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dc.contributor.authorKwegyir-Afful, A.K.
dc.contributor.authorRamalingam, S.
dc.contributor.authorRamamurthy, V.P.
dc.contributor.authorPurushottamachar, P.
dc.contributor.authorMurigi, F.N.
dc.contributor.authorHuang, W.
dc.contributor.authorKane, M.A.
dc.contributor.authorZhang, Y.
dc.contributor.authorAmbulos, N.
dc.contributor.authorHussain, A.
dc.contributor.authorQiu, Y.
dc.contributor.authorWeber, D.J.
dc.contributor.authorNjar, V.C.O.
dc.date.accessioned2019-11-12T20:30:55Z
dc.date.available2019-11-12T20:30:55Z
dc.date.issued2019
dc.identifier.urihttps://www.scopus.com/inward/record.uri?eid=2-s2.0-85074236077&doi=10.3390%2fcancers11111637&partnerID=40&md5=d6d56eec5f73a53010597c442932d471
dc.identifier.urihttp://hdl.handle.net/10713/11404
dc.description.abstractThese studies compared the efficacies of our clinical agent galeterone (Gal) and the FDA-approved prostate cancer drug, enzalutamide (ENZ) with two lead next generation galeterone analogs (NGGAs), VNPP414 and VNPP433-3β, using prostate cancer (PC) in vitro and in vivo models. Antitumor activities of orally administered agents were also assessed in CWR22Rv1 tumor-bearing mice. We demonstrated that Gal and NGGAs degraded AR/AR-V7 and Mnk1/2; blocked cell cycle progression and proliferation of human PC cells; induced apoptosis; inhibited cell migration, invasion, and putative stem cell markers; and reversed the expression of epithelial-to-mesenchymal transition (EMT). In addition, Gal/NGGAs (alone or in combination) also inhibited the growth of ENZ-, docetaxel-, and mitoxantrone-resistant human PC cell lines. The NGGAs exhibited improved pharmacokinetic profiles over Gal in mice. Importantly, in vivo testing showed that VNPP433-3β (at 7.53-fold lower equimolar dose than Gal) markedly suppressed (84% vs. Gal, 47%; p < 0.01) the growth of castration-resistant PC (CRPC) CWR22Rv1 xenograft tumors, with no apparent host toxicity. ENZ was ineffective in this CRPC xenograft model. In summary, our findings show that targeting AR/AR-V7 and Mnk1/2 for degradation represents an effective therapeutic strategy for PC/CRPC treatment and supports further development of VNPP433-3β towards clinical investigation. Copyright 2019 by the authors.en_US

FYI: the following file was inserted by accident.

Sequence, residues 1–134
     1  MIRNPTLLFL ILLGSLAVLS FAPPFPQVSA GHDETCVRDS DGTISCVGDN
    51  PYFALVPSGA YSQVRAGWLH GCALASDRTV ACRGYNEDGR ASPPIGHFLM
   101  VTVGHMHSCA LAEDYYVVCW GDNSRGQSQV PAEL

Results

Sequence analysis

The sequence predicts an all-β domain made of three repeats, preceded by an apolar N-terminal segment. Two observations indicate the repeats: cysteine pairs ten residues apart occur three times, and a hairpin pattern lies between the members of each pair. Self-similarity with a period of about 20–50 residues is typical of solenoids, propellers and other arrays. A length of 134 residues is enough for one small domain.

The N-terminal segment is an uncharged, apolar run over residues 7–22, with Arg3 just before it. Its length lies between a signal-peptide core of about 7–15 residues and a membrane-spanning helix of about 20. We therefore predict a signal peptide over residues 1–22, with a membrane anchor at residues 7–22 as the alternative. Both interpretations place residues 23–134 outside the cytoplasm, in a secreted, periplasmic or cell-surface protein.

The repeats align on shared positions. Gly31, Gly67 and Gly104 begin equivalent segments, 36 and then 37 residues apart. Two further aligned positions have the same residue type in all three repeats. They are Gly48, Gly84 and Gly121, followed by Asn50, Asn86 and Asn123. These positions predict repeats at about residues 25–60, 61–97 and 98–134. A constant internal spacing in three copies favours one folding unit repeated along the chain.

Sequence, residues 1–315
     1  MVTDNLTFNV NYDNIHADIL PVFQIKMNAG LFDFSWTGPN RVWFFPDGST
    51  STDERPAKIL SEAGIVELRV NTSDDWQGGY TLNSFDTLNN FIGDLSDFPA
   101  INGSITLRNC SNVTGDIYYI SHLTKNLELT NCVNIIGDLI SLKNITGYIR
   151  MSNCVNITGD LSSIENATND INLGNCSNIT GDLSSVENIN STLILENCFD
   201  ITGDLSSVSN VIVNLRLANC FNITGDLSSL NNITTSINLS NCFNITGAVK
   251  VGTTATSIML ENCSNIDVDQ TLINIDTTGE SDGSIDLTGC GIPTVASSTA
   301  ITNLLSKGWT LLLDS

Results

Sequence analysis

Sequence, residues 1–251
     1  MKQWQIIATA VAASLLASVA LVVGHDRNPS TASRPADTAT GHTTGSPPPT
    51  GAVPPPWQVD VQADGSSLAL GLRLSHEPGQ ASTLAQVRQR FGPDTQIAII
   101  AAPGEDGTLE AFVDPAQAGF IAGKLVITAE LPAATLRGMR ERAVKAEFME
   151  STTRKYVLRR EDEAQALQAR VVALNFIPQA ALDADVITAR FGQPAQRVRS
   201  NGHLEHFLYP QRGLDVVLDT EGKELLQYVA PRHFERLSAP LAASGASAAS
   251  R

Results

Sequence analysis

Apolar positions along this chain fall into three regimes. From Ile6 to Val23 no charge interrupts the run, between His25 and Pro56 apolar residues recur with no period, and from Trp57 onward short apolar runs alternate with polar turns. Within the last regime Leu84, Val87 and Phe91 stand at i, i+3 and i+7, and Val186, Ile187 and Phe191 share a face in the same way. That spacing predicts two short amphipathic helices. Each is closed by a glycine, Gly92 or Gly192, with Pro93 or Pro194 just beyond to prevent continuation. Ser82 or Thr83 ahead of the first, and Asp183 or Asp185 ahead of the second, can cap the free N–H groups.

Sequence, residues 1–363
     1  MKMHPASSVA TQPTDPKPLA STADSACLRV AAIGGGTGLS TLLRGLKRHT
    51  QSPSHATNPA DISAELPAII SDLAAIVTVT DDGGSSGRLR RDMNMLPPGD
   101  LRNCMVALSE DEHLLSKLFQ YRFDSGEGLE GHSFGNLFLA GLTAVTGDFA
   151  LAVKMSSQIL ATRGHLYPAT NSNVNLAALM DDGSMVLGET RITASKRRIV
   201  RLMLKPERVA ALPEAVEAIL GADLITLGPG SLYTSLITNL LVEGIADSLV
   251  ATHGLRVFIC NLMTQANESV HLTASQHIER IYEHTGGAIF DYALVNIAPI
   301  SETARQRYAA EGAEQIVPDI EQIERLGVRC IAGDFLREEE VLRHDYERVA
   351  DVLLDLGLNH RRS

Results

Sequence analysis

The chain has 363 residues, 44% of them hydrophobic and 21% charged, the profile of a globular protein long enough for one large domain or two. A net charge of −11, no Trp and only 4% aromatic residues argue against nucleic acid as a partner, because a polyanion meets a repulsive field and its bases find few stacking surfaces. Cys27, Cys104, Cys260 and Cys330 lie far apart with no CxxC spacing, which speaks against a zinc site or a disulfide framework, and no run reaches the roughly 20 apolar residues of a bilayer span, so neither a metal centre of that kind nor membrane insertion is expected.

dc.description.sponsorshipThis work was supported in part by a grant from the National Institutes of Health (NIH) and the National Cancer Institute (NCI) (R01CA224696), start-up funds from University of Maryland School of Medicine (UMSOM) and the Center for Biomolecular Therapeutics (CBT), Baltimore, MD, USA to V.C.O.N., Merit Review Award (101 BX000545) Medical Research Service, Department of Veterans Affairs to A.H., NIH (R01CA106504) and VA (I01 BX004160/BX/BLRD) to Y.Q. and Marlene and Stewart Greenebaum Comprehensive Cancer Center (MSGCCC; Philanthropic Funds), Baltimore, MD, USA to A.H., Y.Q. and V.C.O.N.en_US
dc.description.urihttps://doi.org/10.3390/cancers11111637en_US
dc.language.isoen_USen_US
dc.publisherMDPI AGen_US
dc.relation.ispartofCancers
dc.subjectApoptosisen_US
dc.subjectCastration-/drug-resistant PC cellen_US
dc.subjectGaleterone (Gal)en_US
dc.subjectMnk-eIF4E/mTORC1 Signaling pathwaysen_US
dc.subjectMnk1/2 degradersen_US
dc.subjectNGGAsen_US
dc.subjectProstate canceren_US
dc.subjectVNPP433-3β AR/AR-V7en_US
dc.titleGaleterone and the next generation galeterone analogs, VNPP414 and VNPP433-3β exert potent therapeutic effects in castration-/drug-resistant prostate cancer preclinical models in vitro and in vivoen_US
dc.typeArticleen_US
dc.identifier.doi10.3390/cancers11111637


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